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I love writing about religious freedom and LGBTQ rights, especially when doing so requires explaining complicated policies or significant legal battles.
However, I often worry that my intense focus on conflict between these two values leaves readers with the wrong impression about religious views on the gay community.
To be clear, many faith groups do oppose same-sex marriage and, in part because of that, seek religious exemptions from LGBTQ anti-discrimination laws. A recent survey showed that opponents of gay rights are more likely than U.S. adults in general to identify as white Christians.
But it’s also true that there are a large number of churches that support and promote the rights of gay and transgender Americans. I was reminded of this fact when many of my pastor friends put a rainbow border around their profile pictures last week to celebrate the start of Pride month.
Overall, two-thirds of white mainline Protestants and 61% of Catholics favor same-sex marriage, according to Pew Research Center. And although the percentage of white evangelicals that support gay marriage (29%) is much lower, that figure has more than doubled since 2001.
Perhaps more importantly, a growing share of people of faith recognize that discrimination against the LGBTQ community is a problem in America. Nearly two-thirds of white Catholics and white mainline Protestants, as well as 42% of white evangelicals, told Public Religion Research Institute as much in a January survey.
Findings like these often get lost in debates over religious freedom and LGBTQ rights. Observers sometimes assume that religious rights advocates don’t sympathize with the plight of gay and transgender Americans, as Josh Wester, chairman of research in Christian ethics for the Ethics & Religious Liberty Commission, told me earlier this year.
Those fighting for additional religious freedom protections may disagree with LGBTQ rights activists about policy proposals, but they share a desire to build a safer, more peaceful country, he said.
“Christians do not favor discrimination against LGBTQ people. It’s not as if we want to see them be treated badly,” Wester said. “The same faith that we’re seeking to protect tells us that all people are valuable.”
Fresh off the press
I don’t have a new article to share this week, but I thought it would be helpful to resurface a story I wrote in June 2020 that explores even more data on religious support for LGBTQ rights. The article was timed with the five-year anniversary of the Supreme Court making gay marriage legal nationwide.
Term of the week: Southern Baptist Convention
The Southern Baptist Convention is exactly that: a convention, or group, of Southern Baptists. It’s the official name of that particular religious denomination.
The Southern Baptist Convention, or SBC, is significant because it’s the largest Protestant denomination in the country. Around 5% of U.S. adults identify as Southern Baptists, according to Pew Research Center.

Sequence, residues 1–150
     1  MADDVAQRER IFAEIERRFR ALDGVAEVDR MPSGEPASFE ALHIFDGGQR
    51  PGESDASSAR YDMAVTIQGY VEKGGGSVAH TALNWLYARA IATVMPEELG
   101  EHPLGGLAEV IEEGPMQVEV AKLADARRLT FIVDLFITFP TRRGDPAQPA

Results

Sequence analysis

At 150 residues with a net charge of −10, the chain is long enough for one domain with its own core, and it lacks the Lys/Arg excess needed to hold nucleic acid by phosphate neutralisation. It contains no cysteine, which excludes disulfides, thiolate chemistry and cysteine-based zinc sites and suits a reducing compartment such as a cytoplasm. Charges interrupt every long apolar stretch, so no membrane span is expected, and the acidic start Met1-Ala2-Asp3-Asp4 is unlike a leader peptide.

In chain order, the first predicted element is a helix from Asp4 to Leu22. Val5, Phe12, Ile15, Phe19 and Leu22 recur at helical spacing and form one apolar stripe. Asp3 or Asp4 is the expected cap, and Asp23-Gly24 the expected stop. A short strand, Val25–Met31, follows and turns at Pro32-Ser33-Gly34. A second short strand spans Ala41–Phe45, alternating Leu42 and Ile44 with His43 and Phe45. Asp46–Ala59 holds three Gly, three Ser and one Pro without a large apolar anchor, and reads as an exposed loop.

For this reason, the convention is covered by the national media more often than other denominations. Last week, the spotlight was especially bright due to reports of in-fighting among Southern Baptist leaders over racism, politics and women’s roles in the church, among other topics.
What I’m reading
Justice Neil Gorsuch took me by surprise last week when he denied two churches’ request to be protected from Colorado’s pandemic-related gathering rules. I didn’t understand why he’d side with state officials after repeatedly ruling in favor of churches over the past year. When I read CNN’s coverage of the case, things became clearer. It turns out that the churches were asking for much more than the religious organizations involved in previous decisions received.
My friend and faith beat colleague Peter Smith has started a new job at The Associated Press, where he’ll coverage the national religious landscape. I learned a lot from his recent stories on the 100th anniversary of the Tulsa Race Massacre.
As COVID-19 cases drop in the U.S. and the vaccination rate rises, houses of worship are gradually reopening their doors for in-person services. In so doing, some faith leaders are having to face their fear that some worshippers won’t want to return, according to The Washington Post.
Odds and ends
From 2016 to 2020, the share of Republicans who believed being Christian is a “somewhat” or “very” part of being “truly American” fell from 63% to 48%. This finding is among the fascinating data points highlighted by Pew Research Center in a recent post.
I never thought I’d say this, but here it goes: The best story I read last week was a profile of a dog. Madeleine Aggeler at Texas Monthly did such a beautiful job explaining the allure of Benji the blue heeler, who is canine companion to YouTube yoga celebrity Adriene Mishler.